Finding the gap between idea and reality and how to connect the two to create the biggest impact possible. That’s the key of the Theory of Change, which was subject of the opening workshop of the Clean Energy Challenge Acceleration Bootcamp held this week in Amsterdam.

Ten winning teams are following a full week of workshops and mentoring by Social Enterprise NL in the Dutch capital to help them transform their ideas into viable products and new experiences. The bootcamp is part of the award for the winners of the Clean Energy Challenge, which was initiated by What Design Can Do in collaboration with IKEA Foundation.

Building blocks for a positive impact

In the first workshop of the Acceleration Bootcamp, ten of the Clean Energy Challenge winners dived deeper into the questions that can help transform their ideas into market-ready prototypes. This group of young visionaries is ready to tackle one of the great conundrums of our time: how to generate and harness clean energy. Their proposals vary widely and range from transforming the way we use public transport, to the cooling of food in warm areas and creating optimistic, collaborative attitudes towards recycling our waste in major cities.

Under the guidance of Robert Zwiers, Social Impact Consultant and Researcher at Avance Impact, the winning teams analysed the more diffuse parts of their projects and got the tools to turn them into strong, impactful building blocks for the future.

Know your goal

‘Knowing your longtime desired goal is key in starting the process of creating a positive impact and implementing the Theory of Change,’ Zwiers said. ‘Only when we know where we want to go and place that against where we are now, we can start to focus and see what needs our attention.’

This is easier said than done, something that is proven by the vigorous writing and discussions that lit up in the Student Hotel classroom. Every table was stacked with A3-sized forms that invited the participants to number their ‘steps’ in difficulty from 1 to 4; 1 meaning the easiest to comprehend and 4 the most difficult or vague.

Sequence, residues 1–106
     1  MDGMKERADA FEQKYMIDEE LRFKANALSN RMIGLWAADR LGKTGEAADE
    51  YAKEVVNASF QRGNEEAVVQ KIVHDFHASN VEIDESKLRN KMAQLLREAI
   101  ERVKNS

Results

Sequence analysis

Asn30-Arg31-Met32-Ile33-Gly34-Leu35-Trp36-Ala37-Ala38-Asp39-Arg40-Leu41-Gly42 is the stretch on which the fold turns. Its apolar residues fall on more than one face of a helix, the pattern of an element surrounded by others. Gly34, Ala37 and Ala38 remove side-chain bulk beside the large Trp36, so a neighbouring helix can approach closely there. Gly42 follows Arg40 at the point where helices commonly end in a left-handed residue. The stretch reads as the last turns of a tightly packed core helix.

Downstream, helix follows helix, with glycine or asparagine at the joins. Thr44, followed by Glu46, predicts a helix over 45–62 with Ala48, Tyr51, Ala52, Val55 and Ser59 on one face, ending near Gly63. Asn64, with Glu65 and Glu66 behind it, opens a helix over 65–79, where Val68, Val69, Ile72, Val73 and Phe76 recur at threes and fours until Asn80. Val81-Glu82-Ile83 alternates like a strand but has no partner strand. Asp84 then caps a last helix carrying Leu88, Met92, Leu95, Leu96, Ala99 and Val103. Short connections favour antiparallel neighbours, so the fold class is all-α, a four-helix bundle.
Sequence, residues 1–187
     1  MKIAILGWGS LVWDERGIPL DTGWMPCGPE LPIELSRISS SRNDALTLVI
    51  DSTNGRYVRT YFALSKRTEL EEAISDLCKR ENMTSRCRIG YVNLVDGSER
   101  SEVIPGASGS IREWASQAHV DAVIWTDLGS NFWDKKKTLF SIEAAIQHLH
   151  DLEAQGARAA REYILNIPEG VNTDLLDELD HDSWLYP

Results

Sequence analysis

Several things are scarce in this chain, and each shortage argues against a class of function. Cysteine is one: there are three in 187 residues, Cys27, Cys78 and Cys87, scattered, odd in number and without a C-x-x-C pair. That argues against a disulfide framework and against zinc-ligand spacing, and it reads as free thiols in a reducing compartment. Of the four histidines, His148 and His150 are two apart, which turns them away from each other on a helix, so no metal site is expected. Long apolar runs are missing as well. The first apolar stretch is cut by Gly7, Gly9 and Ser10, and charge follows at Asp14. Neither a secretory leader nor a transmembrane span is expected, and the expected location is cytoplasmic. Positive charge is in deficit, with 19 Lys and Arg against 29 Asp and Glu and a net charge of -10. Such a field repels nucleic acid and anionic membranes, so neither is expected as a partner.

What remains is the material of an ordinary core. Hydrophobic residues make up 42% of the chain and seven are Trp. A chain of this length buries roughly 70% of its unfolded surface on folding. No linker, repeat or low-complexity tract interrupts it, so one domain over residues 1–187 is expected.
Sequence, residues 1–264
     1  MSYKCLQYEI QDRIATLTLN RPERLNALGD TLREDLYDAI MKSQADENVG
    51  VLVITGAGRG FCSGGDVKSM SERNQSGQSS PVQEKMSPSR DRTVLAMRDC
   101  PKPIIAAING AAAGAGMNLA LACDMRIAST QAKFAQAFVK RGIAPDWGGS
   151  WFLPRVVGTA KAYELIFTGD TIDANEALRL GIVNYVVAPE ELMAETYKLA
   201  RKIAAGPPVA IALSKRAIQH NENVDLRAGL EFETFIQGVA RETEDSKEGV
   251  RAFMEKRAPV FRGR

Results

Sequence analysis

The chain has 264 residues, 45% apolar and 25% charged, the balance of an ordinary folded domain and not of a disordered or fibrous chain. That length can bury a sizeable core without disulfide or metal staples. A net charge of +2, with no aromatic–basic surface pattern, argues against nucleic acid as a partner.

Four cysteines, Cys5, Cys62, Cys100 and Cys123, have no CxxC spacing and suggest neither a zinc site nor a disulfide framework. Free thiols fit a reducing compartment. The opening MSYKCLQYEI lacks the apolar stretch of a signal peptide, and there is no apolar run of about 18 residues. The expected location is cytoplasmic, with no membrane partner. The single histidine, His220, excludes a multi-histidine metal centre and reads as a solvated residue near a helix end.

Some of the Clean Energy Challenge winners had less difficulties with this, being already in their start-up phase and having done some soul-searching along the way. Still, the bootcamp was able to offer some new insights. An example of this happened to team Roots are the New Wires, who stated:

‘It’s really interesting how I have two steps that I classify as reasonably difficult. During this process I found out that there is an interesting connection between these two steps as they both address the ecosystem but approach the topic from different sides.’

And we believe that the same can be said about the Acceleration Bootcamp as a whole.

Where you get to chance to reassess your ideas and develop the tools to approach them from a new and different angle. To not only look at the design or idea phase of a project, but to really dive deeper into the different aspects that make an idea succeed and reach it’s full potential. Good luck to the winners who will be part of the Acceleration Bootcamp until Friday the 24th of May!

To learn more about the different teams, read the interviews with the Challenge winners on the website.